The Canadian Mechanical Reproduction Rights Agency has struck a deal with the just-launched premium music streaming service, Amazon Music Unlimited, in Canada.
In making the announcement, the agency says it has reached a licensing agreement with Amazon Music “to ensure” that its music publisher and rightsholder clients, which together represent more than 80,000 music catalogues, will receive royalties for the use of their works on the service.
“We’re very happy to have come to a negotiated agreement with Amazon Music and to see them enter Canada with Amazon Music Unlimited. Amazon Music and its entry will benefit both Canadian consumers and the rightsholders that we serve by offering a new point of sale and a new source of revenue for music publishers and their songwriters,” CMRRA President Caroline Rioux said.
Terms of the deal are not being disclosed, but the rates apply to the reproduction of songs on Amazon Music Unlimited, which will now be available throughout Canada for the first time.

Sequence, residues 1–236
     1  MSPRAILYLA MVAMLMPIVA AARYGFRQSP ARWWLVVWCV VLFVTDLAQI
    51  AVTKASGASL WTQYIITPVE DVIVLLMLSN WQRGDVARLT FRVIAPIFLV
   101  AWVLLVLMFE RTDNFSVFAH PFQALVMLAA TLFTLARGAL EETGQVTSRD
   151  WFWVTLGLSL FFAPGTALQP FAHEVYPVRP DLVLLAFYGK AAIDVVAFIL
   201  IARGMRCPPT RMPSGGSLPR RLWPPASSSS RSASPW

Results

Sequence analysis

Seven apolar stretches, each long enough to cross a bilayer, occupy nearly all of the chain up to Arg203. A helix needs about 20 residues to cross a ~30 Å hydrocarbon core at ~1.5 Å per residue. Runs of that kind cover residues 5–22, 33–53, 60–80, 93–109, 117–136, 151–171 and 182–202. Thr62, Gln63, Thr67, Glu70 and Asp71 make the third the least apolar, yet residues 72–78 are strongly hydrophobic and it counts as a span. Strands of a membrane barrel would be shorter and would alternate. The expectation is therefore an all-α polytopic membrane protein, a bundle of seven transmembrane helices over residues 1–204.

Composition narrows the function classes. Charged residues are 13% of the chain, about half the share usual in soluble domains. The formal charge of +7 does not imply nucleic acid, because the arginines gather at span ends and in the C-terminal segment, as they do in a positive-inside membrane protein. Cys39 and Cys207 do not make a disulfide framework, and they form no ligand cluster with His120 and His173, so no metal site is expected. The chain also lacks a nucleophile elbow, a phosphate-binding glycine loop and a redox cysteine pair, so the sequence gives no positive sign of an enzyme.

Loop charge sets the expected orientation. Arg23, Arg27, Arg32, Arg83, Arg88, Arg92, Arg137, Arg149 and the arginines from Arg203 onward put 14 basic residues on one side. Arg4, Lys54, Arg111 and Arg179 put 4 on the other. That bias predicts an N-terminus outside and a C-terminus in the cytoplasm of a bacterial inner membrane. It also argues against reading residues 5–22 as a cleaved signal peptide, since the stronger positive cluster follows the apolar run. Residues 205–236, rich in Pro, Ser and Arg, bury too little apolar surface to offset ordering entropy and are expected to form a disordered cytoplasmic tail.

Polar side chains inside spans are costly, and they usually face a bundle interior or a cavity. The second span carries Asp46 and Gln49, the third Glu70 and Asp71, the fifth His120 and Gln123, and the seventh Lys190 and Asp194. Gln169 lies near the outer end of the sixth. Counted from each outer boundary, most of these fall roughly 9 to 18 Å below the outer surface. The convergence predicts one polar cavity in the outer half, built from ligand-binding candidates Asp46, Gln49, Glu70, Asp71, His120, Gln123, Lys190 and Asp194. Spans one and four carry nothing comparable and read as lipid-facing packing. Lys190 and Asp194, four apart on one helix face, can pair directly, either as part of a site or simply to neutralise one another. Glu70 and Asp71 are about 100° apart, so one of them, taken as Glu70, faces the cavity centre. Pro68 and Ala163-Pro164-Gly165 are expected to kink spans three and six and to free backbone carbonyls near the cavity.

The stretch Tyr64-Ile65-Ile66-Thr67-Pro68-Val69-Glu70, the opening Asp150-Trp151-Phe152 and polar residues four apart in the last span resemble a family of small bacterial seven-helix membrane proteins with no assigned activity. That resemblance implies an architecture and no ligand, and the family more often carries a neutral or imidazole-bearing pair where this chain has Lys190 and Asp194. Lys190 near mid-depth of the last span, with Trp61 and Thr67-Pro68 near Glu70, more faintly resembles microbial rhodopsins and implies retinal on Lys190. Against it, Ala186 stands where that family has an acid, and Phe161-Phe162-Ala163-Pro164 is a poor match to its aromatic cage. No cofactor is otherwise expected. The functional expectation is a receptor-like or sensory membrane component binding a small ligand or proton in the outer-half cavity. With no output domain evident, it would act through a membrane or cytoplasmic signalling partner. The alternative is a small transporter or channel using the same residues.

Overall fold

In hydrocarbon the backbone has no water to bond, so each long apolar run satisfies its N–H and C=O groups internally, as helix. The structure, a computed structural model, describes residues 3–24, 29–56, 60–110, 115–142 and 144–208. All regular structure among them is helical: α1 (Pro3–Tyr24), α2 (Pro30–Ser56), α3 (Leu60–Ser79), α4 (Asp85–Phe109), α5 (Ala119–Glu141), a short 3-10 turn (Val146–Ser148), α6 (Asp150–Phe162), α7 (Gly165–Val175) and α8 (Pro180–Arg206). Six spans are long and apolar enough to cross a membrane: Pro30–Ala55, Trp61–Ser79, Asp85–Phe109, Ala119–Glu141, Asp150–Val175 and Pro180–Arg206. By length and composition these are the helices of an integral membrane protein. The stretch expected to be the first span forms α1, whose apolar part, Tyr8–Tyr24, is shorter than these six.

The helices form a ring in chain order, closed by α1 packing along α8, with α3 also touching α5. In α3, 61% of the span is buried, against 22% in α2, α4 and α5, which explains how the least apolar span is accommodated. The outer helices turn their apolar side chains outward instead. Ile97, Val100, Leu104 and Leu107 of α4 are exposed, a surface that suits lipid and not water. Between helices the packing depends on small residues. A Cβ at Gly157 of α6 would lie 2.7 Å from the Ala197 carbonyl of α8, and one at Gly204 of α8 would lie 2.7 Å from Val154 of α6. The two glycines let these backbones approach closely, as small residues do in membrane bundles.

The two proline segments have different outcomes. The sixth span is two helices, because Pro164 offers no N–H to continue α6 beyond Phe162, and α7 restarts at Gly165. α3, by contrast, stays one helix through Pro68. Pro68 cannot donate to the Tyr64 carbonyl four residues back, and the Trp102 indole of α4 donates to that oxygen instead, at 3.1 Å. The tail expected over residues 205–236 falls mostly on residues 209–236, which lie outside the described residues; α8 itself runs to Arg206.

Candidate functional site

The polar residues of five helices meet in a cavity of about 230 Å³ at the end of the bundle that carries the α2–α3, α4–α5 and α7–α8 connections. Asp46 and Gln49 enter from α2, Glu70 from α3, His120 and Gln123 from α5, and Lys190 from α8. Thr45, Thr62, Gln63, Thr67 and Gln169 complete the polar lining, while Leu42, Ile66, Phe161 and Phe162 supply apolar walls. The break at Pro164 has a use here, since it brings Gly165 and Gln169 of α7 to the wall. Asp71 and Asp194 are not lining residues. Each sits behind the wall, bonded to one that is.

To learn more about Amazon Music Unlimited visit amazon.ca/music/unlimited.
“CMRRA is constantly working with our licensees to create solutions to make it easier for services to come to Canada and to provide for compensation for our valued music publisher clients,” CMRRA Vice President, Legal and Business Affairs, Veronica Syrtash said.
CMRRA has taken the lead in national rate-setting efforts before the Copyright Board of Canada, as well as directly through negotiations with licensees. The organization’s work is responsible for the critical flow of digital royalties paid to all publishers and songwriters. On behalf of its music publisher clients, CMRRA issues licenses and collects royalties for the reproduction of musical works. Licensees pay fees to CMRRA, which in turn distributes the royalties to its music publisher clients on a quarterly basis.
“CMRRA has established itself as a vital resource for music publishers to manage their mechanical royalties in Canada,” said Neville Quinlan, chairman of SXWorks’ Canadian Publishers Committee and managing director of peermusic Canada. “This licensing agreement underscores CMRRA’s commitment to advocating for music publishers and self-published songwriters.”
CMRRA also collects publishing royalties from dozens of other digital companies, such as Apple, Google and Spotify.